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Tate Under Fire for Asking Staff to Chip in Towards Boat for Nicholas Serota

April 30th, 2017

nicholas-serota-via-the-guardianThe Tate is facing criticism after the museum reportedly asked staff to chip in money towards buying a sailing boat as a going away present for Nicholas Serota.  “The staff at Tate are underpaid and overworked, and haven’t had appropriate pay rises, and this just demonstrates how divorced from reality the management at Tate are,” says Tracy Edwards, the PCS union representative for Tate staff. “It seems to me they’ve made a big error of judgment.”
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Hermann Nitsch Performance Set to Go Forward in Tasmania

April 30th, 2017

Hermann Nitsch, via Art NewspaperA Hermann Nitsch performance using a slaughtered bull is set to move forward in Tasmania, despite protests from animal rights activists.  “Art sometimes has the power to influence a community, and although it would be an indirect outcome of this performance, we would consider a reduction in the consumption of meat a positive result,” a statement from the Museum of Old and New Art, where the performance is set to take place, reads.  “If we cancel this event, not one bull will be saved…Yes, we could select a random animal to live peacefully in a paddock for the rest of its life. This would amount to no more than a futile attempt to reduce our guilt, and in the process further suppress the truth and reality that we are seeking to understand.”
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Bloomberg Breaks Down Current Focus on Art as Asset Class

April 30th, 2017

Gerhard Richter, via BloombergBloomberg takes a look at recent collecting trends in the global market, including advisers increased focus on art as part of a broader asset strategy.  There are opportunities to plan around art that don’t exist around other asset classes,” says Dan Desmond, executive director with the Blue Rider Group at Morgan Stanley.
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REFERENCE LIBRARY

Andreas Gursky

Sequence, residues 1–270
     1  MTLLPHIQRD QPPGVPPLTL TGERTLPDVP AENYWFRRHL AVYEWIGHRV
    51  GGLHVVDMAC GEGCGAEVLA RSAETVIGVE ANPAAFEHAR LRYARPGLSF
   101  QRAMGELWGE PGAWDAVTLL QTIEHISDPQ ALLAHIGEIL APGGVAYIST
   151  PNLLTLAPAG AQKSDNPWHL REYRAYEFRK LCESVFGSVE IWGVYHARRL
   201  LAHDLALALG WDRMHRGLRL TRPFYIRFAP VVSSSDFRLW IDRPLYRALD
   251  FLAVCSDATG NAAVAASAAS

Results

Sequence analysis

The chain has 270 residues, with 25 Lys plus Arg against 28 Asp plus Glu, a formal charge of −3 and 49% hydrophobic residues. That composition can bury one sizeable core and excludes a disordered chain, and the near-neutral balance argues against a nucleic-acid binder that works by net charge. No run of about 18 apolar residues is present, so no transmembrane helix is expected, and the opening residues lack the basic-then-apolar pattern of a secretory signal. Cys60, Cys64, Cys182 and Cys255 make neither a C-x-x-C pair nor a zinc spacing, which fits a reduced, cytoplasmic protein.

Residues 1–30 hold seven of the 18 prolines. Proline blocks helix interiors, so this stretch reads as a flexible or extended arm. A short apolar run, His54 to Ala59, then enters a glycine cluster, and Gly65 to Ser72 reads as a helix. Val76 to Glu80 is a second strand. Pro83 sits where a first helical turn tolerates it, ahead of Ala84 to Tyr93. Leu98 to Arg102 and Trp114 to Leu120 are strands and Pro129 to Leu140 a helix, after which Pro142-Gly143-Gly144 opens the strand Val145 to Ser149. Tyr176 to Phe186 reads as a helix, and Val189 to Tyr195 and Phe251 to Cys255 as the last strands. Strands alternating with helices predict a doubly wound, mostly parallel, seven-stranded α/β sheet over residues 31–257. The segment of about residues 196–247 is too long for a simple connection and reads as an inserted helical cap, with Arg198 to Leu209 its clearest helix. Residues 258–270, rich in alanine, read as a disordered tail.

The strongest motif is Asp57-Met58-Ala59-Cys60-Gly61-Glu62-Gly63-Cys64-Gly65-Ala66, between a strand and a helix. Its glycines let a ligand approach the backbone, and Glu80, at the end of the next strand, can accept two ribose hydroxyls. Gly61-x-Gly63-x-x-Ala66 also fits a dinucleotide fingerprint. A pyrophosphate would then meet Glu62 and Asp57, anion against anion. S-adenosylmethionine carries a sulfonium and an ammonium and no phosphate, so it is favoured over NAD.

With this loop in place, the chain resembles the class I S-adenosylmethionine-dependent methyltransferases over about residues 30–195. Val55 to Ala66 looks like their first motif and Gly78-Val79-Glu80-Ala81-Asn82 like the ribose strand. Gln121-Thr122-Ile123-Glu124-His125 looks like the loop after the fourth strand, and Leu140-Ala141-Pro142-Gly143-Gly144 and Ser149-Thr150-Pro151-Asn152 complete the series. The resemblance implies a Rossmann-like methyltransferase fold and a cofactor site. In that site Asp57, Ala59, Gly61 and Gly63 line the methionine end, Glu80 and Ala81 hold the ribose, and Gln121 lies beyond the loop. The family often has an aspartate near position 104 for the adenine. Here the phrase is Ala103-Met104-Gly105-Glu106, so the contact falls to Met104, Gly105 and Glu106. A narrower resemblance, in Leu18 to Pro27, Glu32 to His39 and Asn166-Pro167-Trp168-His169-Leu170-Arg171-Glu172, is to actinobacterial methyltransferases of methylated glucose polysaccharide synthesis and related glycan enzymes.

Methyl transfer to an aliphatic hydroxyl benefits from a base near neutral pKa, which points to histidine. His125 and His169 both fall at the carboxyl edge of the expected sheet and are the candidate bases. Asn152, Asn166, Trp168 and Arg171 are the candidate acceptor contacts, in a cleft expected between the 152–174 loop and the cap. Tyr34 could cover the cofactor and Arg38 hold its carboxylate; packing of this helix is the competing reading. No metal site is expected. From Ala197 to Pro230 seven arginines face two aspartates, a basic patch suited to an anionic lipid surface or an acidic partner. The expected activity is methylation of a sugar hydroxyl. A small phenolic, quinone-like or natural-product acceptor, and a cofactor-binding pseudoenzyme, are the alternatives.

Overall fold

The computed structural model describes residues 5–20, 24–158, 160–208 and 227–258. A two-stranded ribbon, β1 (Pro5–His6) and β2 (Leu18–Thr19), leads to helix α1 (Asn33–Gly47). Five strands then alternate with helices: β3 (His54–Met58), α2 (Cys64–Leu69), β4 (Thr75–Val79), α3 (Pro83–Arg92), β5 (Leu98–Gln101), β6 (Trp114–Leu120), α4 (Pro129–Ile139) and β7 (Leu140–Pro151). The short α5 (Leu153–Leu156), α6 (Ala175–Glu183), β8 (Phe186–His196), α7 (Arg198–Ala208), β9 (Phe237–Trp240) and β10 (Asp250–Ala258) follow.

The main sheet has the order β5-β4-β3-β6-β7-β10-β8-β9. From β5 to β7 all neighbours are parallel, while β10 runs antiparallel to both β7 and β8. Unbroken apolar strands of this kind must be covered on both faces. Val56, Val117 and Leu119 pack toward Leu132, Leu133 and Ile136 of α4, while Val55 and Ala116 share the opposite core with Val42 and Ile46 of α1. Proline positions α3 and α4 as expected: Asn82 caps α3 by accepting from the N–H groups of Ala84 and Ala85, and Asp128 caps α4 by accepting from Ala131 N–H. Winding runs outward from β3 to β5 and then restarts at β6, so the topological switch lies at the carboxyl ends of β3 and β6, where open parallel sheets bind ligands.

andreas-gursky-hong-kong-island
Hong Kong, Island via Artnet.
b. 1955
Lives and works in:

Düsseldorf, Germany

Represented by:

Matthew Marks Gallery, New York
Mitchell-Innes & Nash, New York

Education includes:

Kunstakademie, Düsseldorf

Gursky is a German photographer famous for his large and highly-textured photographs that provide a high point of view. He is fascinated with the relationship of people and space. Though not working in definitive series, his work can often be linked by motif. Often, his photographs, which capture a wide-angled view of a vast subject, feature an array of patterns. These patterns, which seem to be one of the most definitive qualities of his work, are not staged or posed, but are instead naturally occurring and captured from an odd or dramatic angle.

andreas-gurksy-copan
Copan via Sauer Thompson.

Signature works include the 1993 Paris, Montparnasse, which portrays the large, grid-like exterior of a large building while simultaneously allowing voyeuristic views into each curtainless window. More recently, he has incorporated computer editing into his art, frequently creating larger subjects than the initial photograph provides.

andreas-gurksy-99-cent
His work, 99 Cent II Diptychon, a dizzying photograph of row after row of candy and other disposable goods on display at a 99-cent store, sold for $3.3 million in 2007 and holds the record for the highest price paid for a photograph taken by a living photographer, via MOMA.

UBS Collection at Mori Art Museum [ArtObserved]

Wikipedia Entry

More info about the artist coming soon.

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